The works of two great Austrian composers, written a century apart, provided the season finale for the Elgin Symphony Orchestra with guest conductor and piano artist Ignat Solzhenitsyn, Sunday afternoon at the Hemmens.
A smaller ensemble was gathered around the piano at center stage, whence Solzhenitsyn, his back to the audience, cued the orchestra through Mozart's Piano Concerto No. 12 in A Major (1783), alternately rising to conduct, then sitting to perform a crisp and precise set of three movements.
Leading gently with body language, section principals synchronized tightly like a quartet, while the maestro exhibited his considerable dual talents without the help of a platform or a baton.
|Ignat Solzhenitsyn piano-conducts the Elgin Symphony Orchestra|
in Mozart's Piano Concerto No. 12 in A major.
The chamber-sized orchestra balanced nicely with the soloist, but with some pedaling under a closed lid, the piano sound was not quite dry enough even for a piece that favors the fifth octave. Nonetheless, the audience relished this fresh, authentic performance of a concerto not seen on an ESO program before.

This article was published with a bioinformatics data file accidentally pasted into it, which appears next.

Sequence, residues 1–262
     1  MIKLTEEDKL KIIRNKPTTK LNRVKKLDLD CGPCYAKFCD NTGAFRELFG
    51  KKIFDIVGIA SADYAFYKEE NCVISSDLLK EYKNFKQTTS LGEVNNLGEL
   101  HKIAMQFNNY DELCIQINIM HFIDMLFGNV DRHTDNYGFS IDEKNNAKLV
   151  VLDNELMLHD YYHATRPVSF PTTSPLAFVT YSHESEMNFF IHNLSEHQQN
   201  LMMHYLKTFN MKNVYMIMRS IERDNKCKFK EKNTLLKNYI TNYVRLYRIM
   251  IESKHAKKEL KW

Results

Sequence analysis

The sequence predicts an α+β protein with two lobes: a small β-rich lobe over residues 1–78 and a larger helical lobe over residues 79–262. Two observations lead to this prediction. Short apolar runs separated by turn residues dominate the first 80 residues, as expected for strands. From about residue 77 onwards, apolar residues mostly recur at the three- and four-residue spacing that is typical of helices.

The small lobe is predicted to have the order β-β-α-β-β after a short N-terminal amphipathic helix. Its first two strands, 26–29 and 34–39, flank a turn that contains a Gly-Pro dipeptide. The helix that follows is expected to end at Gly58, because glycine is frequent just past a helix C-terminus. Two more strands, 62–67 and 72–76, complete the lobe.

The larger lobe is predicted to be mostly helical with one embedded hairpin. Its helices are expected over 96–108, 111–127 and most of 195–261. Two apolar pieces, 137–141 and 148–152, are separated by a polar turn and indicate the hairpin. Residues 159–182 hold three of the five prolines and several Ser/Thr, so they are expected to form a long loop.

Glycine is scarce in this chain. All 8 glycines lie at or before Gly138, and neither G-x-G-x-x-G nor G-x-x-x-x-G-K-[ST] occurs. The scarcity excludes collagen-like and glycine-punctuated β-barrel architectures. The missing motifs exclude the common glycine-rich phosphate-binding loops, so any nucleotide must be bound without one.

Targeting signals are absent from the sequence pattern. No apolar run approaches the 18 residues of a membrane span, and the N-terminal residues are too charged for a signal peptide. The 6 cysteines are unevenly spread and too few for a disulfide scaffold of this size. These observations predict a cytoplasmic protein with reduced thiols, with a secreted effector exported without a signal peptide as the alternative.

A well-prepared stage crew provides a crucial, and usually invisible, contribution to a concert's success, and this weekend they had to perform their best. A major rearrangement was necessary, as nearly double the number of players were needed after the intermission.
Symphony No. 4 in Eb Major "Romantic" (1881) by Anton Bruckner is the kind of piece that brings in symphony buffs from out of town: its long, complex history is matched by its scale and variety.
To those less familiar with this 65-minute opus, it's an intriguing mashup of Austro-German influences from before, during and after Bruckner's time. Throughout its four movements, we hear some of Beethoven's high ideals, Wagner's radical harmonies, Schubert's gift for song, and echoes of the Viennese "Waltz King" Johann Strauss II.
Even glimpses of future modernism, to be later elaborated by a young Gustav Mahler, make surprising entrances during its striking shifts in density, tone and register. To us, the music is unexpectedly vivid for a composer not known for his storytelling.
Solzhenitsyn was literally on his toes for the entire performance, skillfully summoning forceful fortes from an excellent brass section, and coaxing supple phrases from the winds. Principal horn Greg Flint played prominent solos brilliantly, as the horn section worked its hardest all season.
Listeners agreed it was uncomfortably long, but they are critiquing the art, not the artists. Month after month, the lengthy standing ovations from a full house attest to the sophistication and affection of the ESO's loyal patrons.